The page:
The only thing I knew about Carlos [DeLuna when he arrived at the death house] was an article that Kathy [Fair] had written in the Houston Chronicle. I think it was probably November the 30th, or about a week before he came in. He came in on December the 6th. I remember that because it was the anniversary of the first execution. Charlie Brooks came in on December 6th and was executed on December 7th, 1982. And here, number thirty-three comes in on the same day. I read in that article, Kathy's article, some details about the case. I had questions before I ever met Carlos about Carlos's guilt or innocence.

See also Executions in the U.S. from 1976–1986, Death Penalty Information Center http://www.deathpenaltyinfo.org/executions-us-1976-1986 (last visited Mar. 23, 2012) (listing Texas executions since it reinstated the death penalty and began executions anew in 1982, among which, Carlos DeLuna's was the thirty-third).

Transcribed Videotape Interview with Carroll Pickett, Texas Death House Chaplain, in Huntsville, Texas (Feb. 26, 2005) at 21:42:50–21:44:53:

Two and a half years . . . after I started to work there [at the Walls Unit] as my ministry . . . they scheduled an execution. Of course, there hadn't been any executions in Texas since 1964. So none of us knew what it was going to be like. None of us knew what we were going to do. None of us knew what was going to take place. But it was started on December the 7th of 1982, when we did our first execution by lethal injection. First one in the world . . . . As it developed after that, after the first one [execution by lethal injection] was done, with Charlie Brooks, it began. We did a couple, then we laid off for a while. Texas [later] became real active in doing executions.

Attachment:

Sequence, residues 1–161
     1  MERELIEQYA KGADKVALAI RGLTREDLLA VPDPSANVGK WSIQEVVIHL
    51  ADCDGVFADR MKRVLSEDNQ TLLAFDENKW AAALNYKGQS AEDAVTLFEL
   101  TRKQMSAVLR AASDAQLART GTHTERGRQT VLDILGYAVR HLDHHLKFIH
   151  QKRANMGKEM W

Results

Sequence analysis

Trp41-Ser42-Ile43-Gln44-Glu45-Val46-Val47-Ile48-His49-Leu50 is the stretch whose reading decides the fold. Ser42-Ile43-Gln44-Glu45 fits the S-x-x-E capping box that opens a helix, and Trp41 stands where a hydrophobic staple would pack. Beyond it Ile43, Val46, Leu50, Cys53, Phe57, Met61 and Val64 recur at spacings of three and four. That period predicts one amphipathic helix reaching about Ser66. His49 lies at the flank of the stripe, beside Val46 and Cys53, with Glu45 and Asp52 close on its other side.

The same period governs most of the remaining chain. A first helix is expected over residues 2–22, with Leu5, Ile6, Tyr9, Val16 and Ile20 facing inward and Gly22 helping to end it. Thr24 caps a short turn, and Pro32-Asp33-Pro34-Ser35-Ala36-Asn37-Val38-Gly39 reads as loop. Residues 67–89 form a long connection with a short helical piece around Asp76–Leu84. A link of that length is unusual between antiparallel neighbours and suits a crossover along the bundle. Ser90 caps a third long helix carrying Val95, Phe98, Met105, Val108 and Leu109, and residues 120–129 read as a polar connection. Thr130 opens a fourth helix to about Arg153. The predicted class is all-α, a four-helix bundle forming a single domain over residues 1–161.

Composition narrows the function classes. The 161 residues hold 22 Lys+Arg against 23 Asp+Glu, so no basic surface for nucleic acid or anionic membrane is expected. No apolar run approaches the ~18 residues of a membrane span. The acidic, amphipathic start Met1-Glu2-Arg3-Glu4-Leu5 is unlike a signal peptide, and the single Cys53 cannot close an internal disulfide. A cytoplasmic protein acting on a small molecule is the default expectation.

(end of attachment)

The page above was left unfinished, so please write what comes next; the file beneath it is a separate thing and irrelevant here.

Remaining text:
Transcribed Videotape Interview with Carroll Pickett, Texas Death House Chaplain, in Huntsville, Texas (Feb. 26, 2005) at 22:02:26:

The only thing I knew about Carlos [DeLuna when he arrived at the death house] was an article that Kathy [Fair] had written in the Houston Chronicle. I think it was probably November the 30th, or about a week before he came in. He came in on December the 6th. I remember that because it was the anniversary of the first execution. Charlie Brooks came in on December 6th and was executed on December 7th, 1982. And here, number thirty-three comes in on the same day. I read in that article, Kathy's article, some details about the case. I had questions before I ever met Carlos about Carlos's guilt or innocence.

Transcribed Videotape Interview with Carroll Pickett, Texas Death House Chaplain, in Huntsville, Texas (Feb. 26, 2005) at 21:44:53–21:45:38, 21:42:50–21:44:53, 22:02:26;

see Executions in the U.S. from 1976–1986, Death Penalty Information Center http://www.deathpenaltyinfo.org/executions-us-1976-1986 (last visited Mar. 23, 2011) (Charles Brooks was the first person in the U.S. executed by lethal injection).

Transcribed Videotape Interview with Carroll Pickett, Texas Death House Chaplain, in Huntsville, Texas (Feb. 26, 2005) at 21:42:26–21:43:39:

Then I came to Huntsville [from south Texas] to work with another church. After I completed all I felt God had intended me to do there, I resigned. I gave them six months notice so they could find another preacher. I didn't have a job. Everybody told me I was crazy for resigning from that job because I had four kids getting ready to go to college. One was in high school, three were in college. And the director of the prison system, Mr. Estelle, who was a member of my church, asked me to come work at the prison for a year, just for a year, until my youngest daughter got out of high school. 'Cause he knew my family real well. So I agreed to work for a year, and I went to the prison and worked sixteen years. Never filled out my paperwork, but I've worked there for sixteen years at the Walls unit. I went there primarily to develop a program for twenty-two hundred inmates and minister to the hospital, which at the time was the only hospital in prison, and the mental ward, which was the only mental part of the penal system in Texas. That was my pastoral area.

See supra note 40.